The bill establishes the following qualifications for the certified independent third parties that determine which cleaning products are environmentally preferable for use in schools. Such an entity must:

1. have an open process for establishing certification standards that allows public and stakeholder participation;

2. if possible, develop its standards by consensus;

3. define the fees manufacturers must pay for certification and identify any potential conflicts of interest between a manufacturer and the entity;

4. publish and use certification criteria that consider human health and safety, ecological toxicity and other environmental effects, and appropriate resource conservation for the product and its packaging on a life-cycle basis;

5. periodically revise and update its standards and make them available on its website;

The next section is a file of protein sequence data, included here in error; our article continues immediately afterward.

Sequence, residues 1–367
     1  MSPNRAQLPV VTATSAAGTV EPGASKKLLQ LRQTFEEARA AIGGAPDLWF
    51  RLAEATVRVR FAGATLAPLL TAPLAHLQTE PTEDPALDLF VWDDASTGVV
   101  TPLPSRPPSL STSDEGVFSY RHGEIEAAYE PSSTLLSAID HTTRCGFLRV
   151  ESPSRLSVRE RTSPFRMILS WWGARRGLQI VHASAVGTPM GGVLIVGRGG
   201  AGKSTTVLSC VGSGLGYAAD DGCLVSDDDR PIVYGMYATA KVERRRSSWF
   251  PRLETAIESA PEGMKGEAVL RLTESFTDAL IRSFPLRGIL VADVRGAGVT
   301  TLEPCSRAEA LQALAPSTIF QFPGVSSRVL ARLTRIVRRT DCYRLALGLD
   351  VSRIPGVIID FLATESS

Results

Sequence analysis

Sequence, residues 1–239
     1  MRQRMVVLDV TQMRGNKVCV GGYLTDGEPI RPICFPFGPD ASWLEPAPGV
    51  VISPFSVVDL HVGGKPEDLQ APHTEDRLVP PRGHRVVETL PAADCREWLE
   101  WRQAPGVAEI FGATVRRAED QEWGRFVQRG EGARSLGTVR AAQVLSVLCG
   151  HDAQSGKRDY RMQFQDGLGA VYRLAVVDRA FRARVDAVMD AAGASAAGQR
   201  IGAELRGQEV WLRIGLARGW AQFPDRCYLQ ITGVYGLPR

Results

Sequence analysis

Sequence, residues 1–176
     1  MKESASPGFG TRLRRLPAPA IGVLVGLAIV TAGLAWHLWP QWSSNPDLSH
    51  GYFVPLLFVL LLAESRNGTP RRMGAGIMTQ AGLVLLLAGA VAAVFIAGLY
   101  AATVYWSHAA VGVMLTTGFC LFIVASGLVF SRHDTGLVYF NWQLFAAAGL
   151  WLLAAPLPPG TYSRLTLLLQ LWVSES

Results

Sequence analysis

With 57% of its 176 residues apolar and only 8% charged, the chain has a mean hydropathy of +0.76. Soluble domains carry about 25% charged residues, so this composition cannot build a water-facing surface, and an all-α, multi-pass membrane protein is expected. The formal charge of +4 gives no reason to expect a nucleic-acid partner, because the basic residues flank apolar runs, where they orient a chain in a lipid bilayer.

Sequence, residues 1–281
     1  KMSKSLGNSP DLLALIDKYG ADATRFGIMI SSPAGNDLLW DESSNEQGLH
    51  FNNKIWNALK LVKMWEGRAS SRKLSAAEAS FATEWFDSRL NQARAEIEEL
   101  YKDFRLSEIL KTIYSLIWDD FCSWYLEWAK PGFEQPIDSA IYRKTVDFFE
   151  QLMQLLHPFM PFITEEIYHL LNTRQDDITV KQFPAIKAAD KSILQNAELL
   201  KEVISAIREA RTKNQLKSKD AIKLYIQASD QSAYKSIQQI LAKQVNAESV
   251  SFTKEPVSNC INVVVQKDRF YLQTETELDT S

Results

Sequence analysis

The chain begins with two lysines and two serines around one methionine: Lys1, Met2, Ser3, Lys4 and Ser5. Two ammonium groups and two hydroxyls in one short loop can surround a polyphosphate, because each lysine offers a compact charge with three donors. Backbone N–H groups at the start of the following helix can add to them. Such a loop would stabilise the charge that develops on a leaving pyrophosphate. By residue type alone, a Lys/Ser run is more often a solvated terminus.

6. periodically inspect manufacturing facilities to monitor and enforce standards;

7. have a legally registered certification mark; and

8. establish leadership levels in certification standards for products.


Under the bill, by April 1, 2010, DAS must:

1. in consultation with DEP and DPH, develop and post on its website guidelines for procuring environmentally preferable cleaning products and for best cleaning management practices in schools; and

2. prepare a list of vendors who (a) sell the certified products, (b) provide free training in how to use them, and (c) offer discounts for bulk purchases. DAS must review and update the vendor list every two years.

Also by April 1, 2010, SDE, after consulting with DPH and DEP, must change its school facility survey form to include questions about the green cleaning program phase-in.